“The Nutcracker and the Four Realms” opens with an aerial shot of London (following an owl in flight) that made me tremendously grateful not to be watching a 3D movie as even in 2D I got a little queasy. This shot sets the tone for the film – utterly gorgeous to look at, and probably hoping to set your head spinning enough so you won’t notice the lack of depth in the story. The owl is ultimately after a mouse, leading us into the attic of Clara (Mackenzie Foy) and her brother trying to catch said rodent. These first few moments in the attic are some of the best of the film, establishing Clara as smart, inventive and capable, and setting high expectations that are not really met at any point later on.

The Nutcracker and the Four Realms

Clara and her siblings are quickly established as having recently lost their mother, and the mystery presents she has left behind (it is Christmas eve as we are, after all, talking about a Christmas movie) set the events in motion, eventually (without giving away too much of the story) leading Clara into the Four Realms, a fairytale country filled with wonders and toys come to life. Here she meets Phillip/the Nutcracker and the rulers of the three “good” realms, including the Sugar Plum Fairy and one of the highlights of the film – Keira Knightley tackles her role with manic glee and is really fun to watch. Generally the actors are doing a great job, with Mackenzie Foy and Jayden Fowora-Knight (Phillip) easily carrying the story while being supplemented by the star studded supporting cast.

So what is missing?

“The Nutcracker” falls short on actually SHOWING us much of the titular four realms. Compared to other movies or books transporting their protagonists to a fairytale world – think of Narnia or Alice’s Wonderland – we barely even scratch the surface. Clara is briefly introduced to the four realms by way of a ballet – watching Misty Copeland is an absolute treat, but while the ballet promises to show how Clara’s mother discovered the four realms it does not really do that, it shows that it happened but offers no further explanation – and additionally the audience gets a few shots of Mackenzie Foy riding around in different carriages and costumes. Anything we learn about the four realms and their struggle we are merely told, and as a consequence, we do not really care much about what happens. “Nutcracker” comes nowhere near Maleficent, Frozen, or other more impressive Disney outputs – at a pinch I would compare it to the live action Cinderella, which left me similarly not-quite-satisifed. It is a bit of a pity as both source materials (Hoffmann’s original tale, or the ballet) could have provided so much more substance.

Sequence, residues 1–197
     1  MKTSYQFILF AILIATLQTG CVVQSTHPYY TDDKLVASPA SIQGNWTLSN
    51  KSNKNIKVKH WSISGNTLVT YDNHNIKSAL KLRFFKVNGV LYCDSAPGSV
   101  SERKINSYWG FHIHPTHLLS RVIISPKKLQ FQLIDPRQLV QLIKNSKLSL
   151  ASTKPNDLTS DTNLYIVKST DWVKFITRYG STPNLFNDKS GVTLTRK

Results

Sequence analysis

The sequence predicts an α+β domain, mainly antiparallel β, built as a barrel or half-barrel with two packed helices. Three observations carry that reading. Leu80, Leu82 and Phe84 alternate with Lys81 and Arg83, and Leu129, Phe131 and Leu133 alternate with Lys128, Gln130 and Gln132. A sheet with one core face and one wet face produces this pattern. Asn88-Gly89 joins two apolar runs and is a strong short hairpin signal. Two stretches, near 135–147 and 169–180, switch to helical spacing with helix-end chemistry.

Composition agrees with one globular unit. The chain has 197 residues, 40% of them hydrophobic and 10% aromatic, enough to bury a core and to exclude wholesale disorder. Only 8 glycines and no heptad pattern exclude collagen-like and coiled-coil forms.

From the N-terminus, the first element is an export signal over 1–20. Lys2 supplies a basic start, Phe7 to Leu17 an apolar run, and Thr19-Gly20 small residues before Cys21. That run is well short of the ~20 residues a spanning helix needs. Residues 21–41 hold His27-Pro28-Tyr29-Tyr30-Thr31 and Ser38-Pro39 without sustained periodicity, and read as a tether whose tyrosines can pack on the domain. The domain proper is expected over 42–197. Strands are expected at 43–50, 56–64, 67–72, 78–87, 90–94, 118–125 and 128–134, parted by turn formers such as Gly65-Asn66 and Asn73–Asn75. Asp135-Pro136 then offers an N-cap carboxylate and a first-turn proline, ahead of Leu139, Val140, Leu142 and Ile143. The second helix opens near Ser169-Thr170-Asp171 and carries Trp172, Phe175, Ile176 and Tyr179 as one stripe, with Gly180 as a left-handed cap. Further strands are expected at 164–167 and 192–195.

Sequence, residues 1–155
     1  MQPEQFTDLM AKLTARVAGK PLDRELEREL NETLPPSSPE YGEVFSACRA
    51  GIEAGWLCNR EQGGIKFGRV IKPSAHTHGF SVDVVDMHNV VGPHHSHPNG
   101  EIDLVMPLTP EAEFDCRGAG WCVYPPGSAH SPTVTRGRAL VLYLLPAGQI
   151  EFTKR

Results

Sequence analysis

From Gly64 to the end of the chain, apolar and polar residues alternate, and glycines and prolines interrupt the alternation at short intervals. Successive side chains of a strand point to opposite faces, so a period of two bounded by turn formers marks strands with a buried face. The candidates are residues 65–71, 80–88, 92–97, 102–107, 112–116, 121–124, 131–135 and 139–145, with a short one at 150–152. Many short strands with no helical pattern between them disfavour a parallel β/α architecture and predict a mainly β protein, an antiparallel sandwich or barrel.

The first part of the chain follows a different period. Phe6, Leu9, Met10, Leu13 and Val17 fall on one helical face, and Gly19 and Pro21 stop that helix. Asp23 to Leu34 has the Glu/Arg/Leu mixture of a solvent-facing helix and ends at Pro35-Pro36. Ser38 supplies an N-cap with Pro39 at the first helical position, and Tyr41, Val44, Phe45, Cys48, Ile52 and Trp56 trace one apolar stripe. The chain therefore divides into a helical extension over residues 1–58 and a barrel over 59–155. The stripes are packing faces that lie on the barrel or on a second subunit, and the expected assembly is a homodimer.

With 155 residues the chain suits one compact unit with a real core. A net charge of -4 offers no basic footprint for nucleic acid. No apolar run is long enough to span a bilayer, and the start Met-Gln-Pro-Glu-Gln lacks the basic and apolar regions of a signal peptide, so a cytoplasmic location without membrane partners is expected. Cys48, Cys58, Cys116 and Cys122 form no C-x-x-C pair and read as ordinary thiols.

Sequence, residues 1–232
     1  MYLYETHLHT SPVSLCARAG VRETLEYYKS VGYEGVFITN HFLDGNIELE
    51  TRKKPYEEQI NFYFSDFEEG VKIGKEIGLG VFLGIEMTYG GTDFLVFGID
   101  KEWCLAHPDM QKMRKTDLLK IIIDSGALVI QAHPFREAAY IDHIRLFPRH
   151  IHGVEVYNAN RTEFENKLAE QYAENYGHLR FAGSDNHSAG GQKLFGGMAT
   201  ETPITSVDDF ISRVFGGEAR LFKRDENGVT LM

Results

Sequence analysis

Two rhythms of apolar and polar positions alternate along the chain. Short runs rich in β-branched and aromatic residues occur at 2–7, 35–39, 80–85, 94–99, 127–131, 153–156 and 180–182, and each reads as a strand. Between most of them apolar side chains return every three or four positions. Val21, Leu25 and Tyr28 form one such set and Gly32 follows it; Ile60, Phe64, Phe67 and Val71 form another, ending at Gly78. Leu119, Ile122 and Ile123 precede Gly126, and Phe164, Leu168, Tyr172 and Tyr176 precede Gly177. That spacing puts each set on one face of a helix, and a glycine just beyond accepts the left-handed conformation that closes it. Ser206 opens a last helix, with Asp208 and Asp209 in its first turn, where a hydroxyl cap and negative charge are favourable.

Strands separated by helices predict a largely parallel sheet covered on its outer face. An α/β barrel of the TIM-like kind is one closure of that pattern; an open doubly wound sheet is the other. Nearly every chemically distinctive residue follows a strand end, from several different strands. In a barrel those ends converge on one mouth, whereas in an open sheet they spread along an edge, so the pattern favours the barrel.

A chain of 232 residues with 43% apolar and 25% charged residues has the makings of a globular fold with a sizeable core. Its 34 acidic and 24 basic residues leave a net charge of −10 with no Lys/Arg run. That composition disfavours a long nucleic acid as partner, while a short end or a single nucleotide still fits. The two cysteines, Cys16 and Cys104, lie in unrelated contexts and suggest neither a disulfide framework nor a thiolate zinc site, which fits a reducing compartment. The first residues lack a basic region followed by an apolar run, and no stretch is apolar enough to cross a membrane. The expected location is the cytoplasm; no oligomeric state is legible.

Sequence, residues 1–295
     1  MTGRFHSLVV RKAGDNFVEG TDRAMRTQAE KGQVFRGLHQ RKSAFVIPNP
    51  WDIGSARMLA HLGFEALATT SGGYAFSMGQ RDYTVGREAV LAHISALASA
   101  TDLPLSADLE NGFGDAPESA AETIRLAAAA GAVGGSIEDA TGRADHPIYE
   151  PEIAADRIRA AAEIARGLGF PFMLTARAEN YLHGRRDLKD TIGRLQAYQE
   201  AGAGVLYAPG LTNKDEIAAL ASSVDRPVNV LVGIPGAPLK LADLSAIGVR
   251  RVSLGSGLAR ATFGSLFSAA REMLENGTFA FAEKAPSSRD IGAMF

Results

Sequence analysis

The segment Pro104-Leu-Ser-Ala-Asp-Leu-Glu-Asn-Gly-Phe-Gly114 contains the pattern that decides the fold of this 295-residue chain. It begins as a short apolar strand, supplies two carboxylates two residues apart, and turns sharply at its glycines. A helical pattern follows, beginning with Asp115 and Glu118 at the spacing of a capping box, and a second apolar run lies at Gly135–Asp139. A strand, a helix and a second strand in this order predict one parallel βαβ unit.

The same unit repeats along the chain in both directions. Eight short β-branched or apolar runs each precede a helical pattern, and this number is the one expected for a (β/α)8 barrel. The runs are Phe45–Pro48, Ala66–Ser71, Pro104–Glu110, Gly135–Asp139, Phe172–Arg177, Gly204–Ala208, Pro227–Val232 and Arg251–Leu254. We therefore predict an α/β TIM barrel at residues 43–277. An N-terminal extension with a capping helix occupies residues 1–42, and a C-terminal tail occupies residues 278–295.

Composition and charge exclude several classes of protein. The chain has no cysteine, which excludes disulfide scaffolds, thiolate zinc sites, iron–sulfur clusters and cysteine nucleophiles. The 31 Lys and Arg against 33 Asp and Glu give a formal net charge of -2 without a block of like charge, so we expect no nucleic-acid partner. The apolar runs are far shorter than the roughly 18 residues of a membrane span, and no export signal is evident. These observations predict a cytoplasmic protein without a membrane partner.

There is one saving grace to Disney’s Christmas offering, and that is the treatment of Tchaikovsky’s music. Throughout the film we find this featured and interwoven – in Clara’s music box, as a background to the waltz, for the (beautiful) ballet scene, distorted to indicate danger, or even played backwards – if James Newton Howard was behind this, he deserves a big thumbs up for creativity, and for breathing new life into an art form that is perhaps not normally as approachable for an audience today. For that alone – take your kid to see this movie. And then show them a recording of the ballet.

  • Director: Lasse Hallström and Joe Johnston
  • Written by: Ashleigh Powell
  • Starring: Mackenzie Foy and Keira Knightley,
  • Rated: PG
  • Running Time: 1 hour and 38 minutes
  • Production Budget: $120,000,000 est.
  • Release Date: November 2018

Review by Heike Koenig